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The worker was knocked off of the truck

On May 13, 2005 a iron worker subcontractor for the construction manager of the New York Times Building located at 8th Avenue and 40th Street in Manhattan, was unloading two steel beams from a delivery truck. They were conducting an operation called, “shaking out the steel” in which each beam is lifted by a crane and rotated so that it is in the proper placement to be lifted up to the building where it will be placed. Each of the beams is about forty feet long, fourteen inches high, and thirty six inches wide. They weigh between 4 and 41 tons each. The first beam was lifted and placed down on the truck bed without issue. The second beam was going to need to be adjusted by the employee to rotate it into the proper position. The employee mounted the truck and was attempting to rotate the beam when the crane unexpectedly dropped the beam down onto the truck. The worker was knocked off of the truck and onto the ground. The first beam rolled off of the truck and landed on the employee while he lay prone on the ground. The commercial truck accident crushed the employees’ legs and caused one of his legs to be amputated. The second beam did not fall from the truck because it was still attached to the crane.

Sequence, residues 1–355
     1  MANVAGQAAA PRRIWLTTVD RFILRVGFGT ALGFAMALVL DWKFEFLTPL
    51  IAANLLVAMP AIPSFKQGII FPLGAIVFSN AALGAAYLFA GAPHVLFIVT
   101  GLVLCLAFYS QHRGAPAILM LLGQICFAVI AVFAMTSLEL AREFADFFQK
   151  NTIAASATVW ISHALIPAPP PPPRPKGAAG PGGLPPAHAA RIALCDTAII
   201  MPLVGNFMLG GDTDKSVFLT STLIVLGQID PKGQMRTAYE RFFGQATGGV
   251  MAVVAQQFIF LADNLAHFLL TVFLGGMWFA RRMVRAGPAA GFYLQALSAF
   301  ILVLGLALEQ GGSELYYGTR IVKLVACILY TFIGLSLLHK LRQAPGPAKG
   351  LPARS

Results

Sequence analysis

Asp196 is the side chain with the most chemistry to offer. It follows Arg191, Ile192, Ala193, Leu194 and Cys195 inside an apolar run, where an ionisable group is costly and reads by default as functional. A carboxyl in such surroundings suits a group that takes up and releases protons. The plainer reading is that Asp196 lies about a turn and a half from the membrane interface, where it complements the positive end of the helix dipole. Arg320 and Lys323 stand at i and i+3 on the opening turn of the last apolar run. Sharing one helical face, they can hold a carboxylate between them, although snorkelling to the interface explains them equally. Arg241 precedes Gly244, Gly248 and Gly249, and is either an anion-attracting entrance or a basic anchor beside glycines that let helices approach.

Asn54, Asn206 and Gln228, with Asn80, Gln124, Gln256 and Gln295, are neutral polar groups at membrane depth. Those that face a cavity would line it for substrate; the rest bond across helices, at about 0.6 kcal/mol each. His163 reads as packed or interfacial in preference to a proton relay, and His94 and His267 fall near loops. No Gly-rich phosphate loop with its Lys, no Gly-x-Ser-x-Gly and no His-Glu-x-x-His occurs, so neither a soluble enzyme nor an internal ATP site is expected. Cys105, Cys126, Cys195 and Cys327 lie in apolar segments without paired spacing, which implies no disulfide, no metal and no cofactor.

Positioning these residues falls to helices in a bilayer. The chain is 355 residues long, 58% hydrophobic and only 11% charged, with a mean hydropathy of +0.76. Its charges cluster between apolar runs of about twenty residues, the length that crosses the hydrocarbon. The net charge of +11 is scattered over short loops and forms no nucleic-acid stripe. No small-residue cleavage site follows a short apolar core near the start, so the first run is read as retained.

The injured worker filed a lawsuit against the building construction company under Labor Law §240. He stated that it applied because the object fell that was being lifted. The building construction company argued that Labor Law §240 did not apply in this case because at best when the pipe was hoisted by the crane, it did not go above the employees waist as he stood on the truck. The court disagreed. They felt that this is not simply the case of something falling off the back of a flatbed truck. The proximate cause of the accident was that the crane operator dropped the second beam which struck the first beam and knocked it off of the truck.

The employee also sought judgment under Labor Law §200 common-law negligence where it is the duty of an owner or general contractor to provide construction site workers with a reasonably safe place to work. However, the court ruled that since the company did not supervise the work or have direct knowledge of the hazard, that Labor Law §200 cannot apply.

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